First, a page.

Wednesday, 7 March 2012

Free will

A while back I wrote two posts called Magical Me and MagicalYou. These were deliberately provocative in denying any non-causal aspect to that inner homunculus we think of as “me”. As a development of my general principle of trying to hold at least two incompatible theories, I’d like to revisit this idea from the basis that there is indeed a Magical Me and a Magical You.

To my mind this is where complexity steps in.

If we say all our actions, thoughts and sayings are determined by our history and outside contingencies, then that is a philosophical and not a scientific position. Obviously – because we can’t possibly prove it experimentally. But suppose we accept this and still insist that we are rigidly determined because we live in a rigidly deterministic universe, what then? Isn’t this philosophical viewpoint rather compelling?

Not necessarily.

We know from chaos theory that even simple non-linear equations may generate results of enormous complexity where tiny differences in the starting parameters have a huge impact on the result. It’s sometimes called the butterfly effect. A non-linear process in this sense is one where state B depends on state A and state C depends on state B and so on.

Tiny uncertainties in State A can be magnified enormously by the time state Z comes along. Uncertainty can be such that even in principle state Z can never be predicted from state A. For example, a prediction of state Z may require a nonsensically accurate understanding of state A.  

Imagine applying this to human actions. If the deterministic linkage between stimulus and response is non-linear, which one might assume is very likely, and the stimulus is also non-linear, then we may have a situation which is rigidly deterministic but predictable only within certain boundaries, which themselves may be unpredictable.

In other words, it is rarely possible to say that a particular stimulus will definitely produce a particular response. So the cause of the response isn’t nature, nurture, the outside world and nothing else. There is something more – a unique, complex, unpredictable, causally inexplicable something else.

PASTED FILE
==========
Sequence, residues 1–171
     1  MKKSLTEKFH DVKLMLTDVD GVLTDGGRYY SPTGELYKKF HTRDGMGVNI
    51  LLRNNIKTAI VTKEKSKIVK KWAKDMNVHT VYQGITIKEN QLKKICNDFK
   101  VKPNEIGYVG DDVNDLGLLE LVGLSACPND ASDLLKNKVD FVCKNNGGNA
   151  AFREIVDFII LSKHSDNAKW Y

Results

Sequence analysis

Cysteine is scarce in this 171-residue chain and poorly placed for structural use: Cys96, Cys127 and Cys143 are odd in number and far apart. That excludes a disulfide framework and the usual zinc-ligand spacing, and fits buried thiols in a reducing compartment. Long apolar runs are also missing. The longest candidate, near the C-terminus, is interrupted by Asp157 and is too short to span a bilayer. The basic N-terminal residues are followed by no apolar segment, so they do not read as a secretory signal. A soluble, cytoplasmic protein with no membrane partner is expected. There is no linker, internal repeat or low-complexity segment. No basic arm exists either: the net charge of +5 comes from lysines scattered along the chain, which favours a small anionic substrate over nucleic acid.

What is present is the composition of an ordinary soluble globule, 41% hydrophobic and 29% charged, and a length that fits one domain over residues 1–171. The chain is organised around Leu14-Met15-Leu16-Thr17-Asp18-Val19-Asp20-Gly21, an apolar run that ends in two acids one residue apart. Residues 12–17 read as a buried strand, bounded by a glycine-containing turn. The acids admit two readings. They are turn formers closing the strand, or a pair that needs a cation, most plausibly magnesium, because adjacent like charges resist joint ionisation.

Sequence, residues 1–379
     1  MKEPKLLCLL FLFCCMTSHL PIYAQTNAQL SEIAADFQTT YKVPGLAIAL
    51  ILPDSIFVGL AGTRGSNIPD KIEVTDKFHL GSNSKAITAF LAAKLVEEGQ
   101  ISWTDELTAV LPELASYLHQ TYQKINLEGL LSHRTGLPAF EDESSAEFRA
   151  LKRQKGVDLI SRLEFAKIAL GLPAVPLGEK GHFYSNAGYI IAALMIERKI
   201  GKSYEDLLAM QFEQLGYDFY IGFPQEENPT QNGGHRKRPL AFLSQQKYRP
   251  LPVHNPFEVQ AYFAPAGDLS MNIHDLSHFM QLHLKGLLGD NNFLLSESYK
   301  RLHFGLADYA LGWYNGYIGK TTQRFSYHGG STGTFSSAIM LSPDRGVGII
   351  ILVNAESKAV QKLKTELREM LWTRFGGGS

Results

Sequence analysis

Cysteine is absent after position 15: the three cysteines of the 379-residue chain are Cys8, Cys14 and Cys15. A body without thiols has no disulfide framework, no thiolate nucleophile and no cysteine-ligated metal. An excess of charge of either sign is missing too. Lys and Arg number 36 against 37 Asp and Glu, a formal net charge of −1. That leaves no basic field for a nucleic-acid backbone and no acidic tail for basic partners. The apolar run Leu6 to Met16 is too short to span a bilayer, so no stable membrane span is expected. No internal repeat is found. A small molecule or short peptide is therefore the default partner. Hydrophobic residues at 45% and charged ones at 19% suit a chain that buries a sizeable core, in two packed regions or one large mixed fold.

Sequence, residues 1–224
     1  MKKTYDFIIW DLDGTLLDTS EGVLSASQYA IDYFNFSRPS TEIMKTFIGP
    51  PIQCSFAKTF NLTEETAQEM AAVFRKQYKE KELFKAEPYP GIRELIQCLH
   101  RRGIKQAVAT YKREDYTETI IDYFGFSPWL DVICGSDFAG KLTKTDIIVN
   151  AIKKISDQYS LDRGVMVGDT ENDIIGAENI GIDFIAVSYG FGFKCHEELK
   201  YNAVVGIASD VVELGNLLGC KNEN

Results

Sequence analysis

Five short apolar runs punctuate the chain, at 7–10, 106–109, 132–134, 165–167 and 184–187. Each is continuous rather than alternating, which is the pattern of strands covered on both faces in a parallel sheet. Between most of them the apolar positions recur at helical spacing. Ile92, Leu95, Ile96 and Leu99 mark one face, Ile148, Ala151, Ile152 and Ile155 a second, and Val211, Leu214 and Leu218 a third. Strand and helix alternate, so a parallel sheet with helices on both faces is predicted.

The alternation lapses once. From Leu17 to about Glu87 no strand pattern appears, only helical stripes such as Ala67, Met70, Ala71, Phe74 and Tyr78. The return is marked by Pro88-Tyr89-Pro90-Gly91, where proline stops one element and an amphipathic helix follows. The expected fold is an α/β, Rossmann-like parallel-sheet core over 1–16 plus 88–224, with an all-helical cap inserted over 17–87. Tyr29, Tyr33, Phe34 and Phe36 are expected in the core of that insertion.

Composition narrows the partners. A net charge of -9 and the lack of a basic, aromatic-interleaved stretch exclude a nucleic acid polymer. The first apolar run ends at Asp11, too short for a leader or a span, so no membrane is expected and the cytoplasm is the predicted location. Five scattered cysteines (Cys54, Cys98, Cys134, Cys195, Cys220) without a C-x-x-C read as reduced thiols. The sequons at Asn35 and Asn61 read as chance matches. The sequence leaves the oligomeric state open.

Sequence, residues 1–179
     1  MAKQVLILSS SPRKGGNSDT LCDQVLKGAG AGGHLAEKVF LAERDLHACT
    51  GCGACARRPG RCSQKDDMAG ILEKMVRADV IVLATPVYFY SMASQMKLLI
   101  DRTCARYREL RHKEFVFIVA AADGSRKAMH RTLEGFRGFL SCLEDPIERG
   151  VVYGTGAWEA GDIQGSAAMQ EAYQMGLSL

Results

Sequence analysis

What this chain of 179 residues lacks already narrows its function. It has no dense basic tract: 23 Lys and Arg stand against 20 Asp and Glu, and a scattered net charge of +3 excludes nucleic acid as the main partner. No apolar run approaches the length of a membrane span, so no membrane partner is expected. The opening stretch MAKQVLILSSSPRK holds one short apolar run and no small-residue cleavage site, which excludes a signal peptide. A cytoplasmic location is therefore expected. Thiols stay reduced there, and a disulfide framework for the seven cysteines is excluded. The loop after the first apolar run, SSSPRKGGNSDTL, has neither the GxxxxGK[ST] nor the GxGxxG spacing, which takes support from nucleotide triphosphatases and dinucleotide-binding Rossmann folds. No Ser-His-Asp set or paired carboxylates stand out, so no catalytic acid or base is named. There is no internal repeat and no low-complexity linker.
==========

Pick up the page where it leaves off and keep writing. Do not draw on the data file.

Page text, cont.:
Why? Because we can't say the causally inexplicable bit is causally explicable in principle, or some other fudge. It's causally inexplicable - live with it. 

So the cause of the response is nature, nurture, outside world and X, where X is something within us, yet forever beyond the reach of scientific prediction.

X is Magical Me and Magical You, the soul or whatever else you wish to call it. Looping back to yesterday's post on Skinner’s quote about literature, maybe there is something within us which in Skinner's words is beyond the methods of science.


James Higham said...

which one might assume is very likely

Why would you assume so? ;-)

Anonymous said...

The brain, assuming that is where the 'mind' lives, does at least for now seem well beyond any mechanistic understanding. But then our mathematical friends (who inhabit a different universe) declare there are problems insoluble and problems undecidable and they seem quite content so why should not we be content as well.

Whether studying pigeons, grey slop or sums there is no need for magic and it seems to offend Occam, or at least his razor, to bring in 'outside influences'. Perhaps Skinner was simply saying 'too hard'.

I sometimes wish there were magic, but I suppose if magic existed then it would not be magic any more.

Demetrius said...

The something within us may be closely akin to madness. It is the only thing that keeps us sane.

A K Haart said...

JH - in this sense non-linear just means each successive state depends on the previous state - like most of the natural world.

Roger - I think Skinner may have been saying "too hard", but I'm not convinced that's different to "beyond the reach of science".

D - chilling, but I tend to agree. We must peer over the edge to check where it is.